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PBI-Canada and PBI-Mexico meet with Comite Cerezo

Sábado 29 de junio de 2019, por Comité Cerezo México

Peace Brigades International-Canada Board member Paul Bocking writes, “Meeting with Antonio of Comite Cerezo, a human and labour rights group in Mexico City accompanied by Peace Brigades International – Mexico Project.”

The Alliance for Global Justice has explained, “Antonio and other family members and associates were part of the student movements of the 90s and early 2000’s before several of them were framed, arrested, and incarcerated by the Mexican government. Antonio spent more than seven years as a political prisoner.”

PBI-Mexico further notes on their website, “The Cerezo Committee was established after the arrests, torture and detentions of the brothers Alejandro, Héctor and Antonio Cerezo Contreras in maximum-security penitentiaries in Mexico.”

PBI-Mexico has also highlighted, “The Committee currently defends the rights of victims of political repression in Mexico. It is a leading organization in the documentation of human rights violations in the country, also documenting violations committed against human rights defenders.”

On May 29, PBI-Mexico posted on their Facebook page, “[Comité Cerezo is] participating in a sit-in as part of the commemoration of the International Week of the Disappeared Detainee and the National Campaign against Enforced Disappearance in Mexico.”

That international week this year was from Monday May 27 to Friday May 31.

LaRed21 reported (in Spanish), “Various organizations of victims, indigenous, popular and human rights movements grouped in the National Campaign Against Forced Disappearance” took part in this sit-in.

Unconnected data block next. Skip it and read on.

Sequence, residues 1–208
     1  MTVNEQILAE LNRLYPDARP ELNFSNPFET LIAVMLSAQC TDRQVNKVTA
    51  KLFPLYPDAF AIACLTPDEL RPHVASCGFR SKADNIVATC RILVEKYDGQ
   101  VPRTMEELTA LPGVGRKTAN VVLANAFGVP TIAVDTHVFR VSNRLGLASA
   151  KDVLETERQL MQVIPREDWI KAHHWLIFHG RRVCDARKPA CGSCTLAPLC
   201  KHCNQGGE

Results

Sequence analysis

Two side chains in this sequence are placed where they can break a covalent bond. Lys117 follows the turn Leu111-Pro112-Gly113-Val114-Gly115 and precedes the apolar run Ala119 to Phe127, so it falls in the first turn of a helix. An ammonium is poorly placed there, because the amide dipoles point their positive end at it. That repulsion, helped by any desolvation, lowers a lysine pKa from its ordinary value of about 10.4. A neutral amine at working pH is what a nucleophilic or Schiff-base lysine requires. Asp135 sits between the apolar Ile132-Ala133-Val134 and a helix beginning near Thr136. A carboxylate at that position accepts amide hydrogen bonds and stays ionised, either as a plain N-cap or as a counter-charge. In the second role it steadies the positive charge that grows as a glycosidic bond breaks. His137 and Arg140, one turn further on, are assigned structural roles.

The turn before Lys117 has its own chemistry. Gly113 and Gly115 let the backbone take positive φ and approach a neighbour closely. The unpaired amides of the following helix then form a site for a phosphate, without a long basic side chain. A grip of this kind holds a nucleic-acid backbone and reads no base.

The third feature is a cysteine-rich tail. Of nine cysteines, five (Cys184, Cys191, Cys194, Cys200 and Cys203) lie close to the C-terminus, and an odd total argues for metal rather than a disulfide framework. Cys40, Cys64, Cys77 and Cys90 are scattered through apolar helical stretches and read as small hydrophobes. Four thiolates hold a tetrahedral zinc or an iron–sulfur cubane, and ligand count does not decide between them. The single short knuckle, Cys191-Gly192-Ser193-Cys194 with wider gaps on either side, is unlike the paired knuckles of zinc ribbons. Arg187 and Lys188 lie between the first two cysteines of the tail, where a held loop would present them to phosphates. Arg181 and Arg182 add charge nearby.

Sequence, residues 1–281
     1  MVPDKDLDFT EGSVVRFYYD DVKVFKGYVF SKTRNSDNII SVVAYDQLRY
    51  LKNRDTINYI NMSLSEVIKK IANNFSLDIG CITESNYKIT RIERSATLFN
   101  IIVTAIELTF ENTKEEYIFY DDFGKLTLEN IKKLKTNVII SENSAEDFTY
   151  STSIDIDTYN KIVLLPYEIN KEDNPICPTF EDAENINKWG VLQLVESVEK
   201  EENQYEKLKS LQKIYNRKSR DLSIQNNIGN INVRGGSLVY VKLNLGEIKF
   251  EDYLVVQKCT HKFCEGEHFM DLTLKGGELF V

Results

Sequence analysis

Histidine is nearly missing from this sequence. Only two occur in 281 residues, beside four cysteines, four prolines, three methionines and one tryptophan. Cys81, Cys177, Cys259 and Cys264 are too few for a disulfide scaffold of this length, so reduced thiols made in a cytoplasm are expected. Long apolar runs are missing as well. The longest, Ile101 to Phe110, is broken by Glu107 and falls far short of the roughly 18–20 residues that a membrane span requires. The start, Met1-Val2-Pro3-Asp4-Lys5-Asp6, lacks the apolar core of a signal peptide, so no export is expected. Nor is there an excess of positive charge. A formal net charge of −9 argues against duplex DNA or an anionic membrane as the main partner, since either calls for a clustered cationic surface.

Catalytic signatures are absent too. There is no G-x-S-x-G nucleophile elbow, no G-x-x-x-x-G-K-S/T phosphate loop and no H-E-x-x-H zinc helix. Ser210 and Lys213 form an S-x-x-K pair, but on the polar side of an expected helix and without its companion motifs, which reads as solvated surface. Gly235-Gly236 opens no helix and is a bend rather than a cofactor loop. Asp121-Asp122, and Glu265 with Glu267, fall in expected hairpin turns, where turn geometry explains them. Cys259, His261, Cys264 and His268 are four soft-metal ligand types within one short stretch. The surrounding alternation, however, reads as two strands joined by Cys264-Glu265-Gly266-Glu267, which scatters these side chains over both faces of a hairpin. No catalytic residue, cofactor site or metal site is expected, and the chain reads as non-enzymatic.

The sit-in happened in the Zócalo, which is the common name of the main square in central Mexico City. It is the centre of government for both the nation and the capital.

Pagina12 has reported (in Spanish), “According to the latest data provided by the Secretariat of Human Rights of Mexico, in the Aztec country there are about 38 thousand people missing and in the last 12 years there were two thousand clandestine graves.”

That article also noted, “In a thousand of them, no exhumation process has yet been carried out because the state does not have the institutional capacities to carry them out, according to the Secretariat.”

And a RadioFórmula article (in Spanish) highlighted that the demonstration was “held almost six months after the start of the new government because there has been no progress on any of the cases of enforced disappearances.”

The PBI-Mexico website notes, “In addition to surviving torture and unjust detention, the organization’s members have been threatened and harassed.”

The Peace Brigades International-Mexico Project began accompanying Comité Cerezo in 2002.

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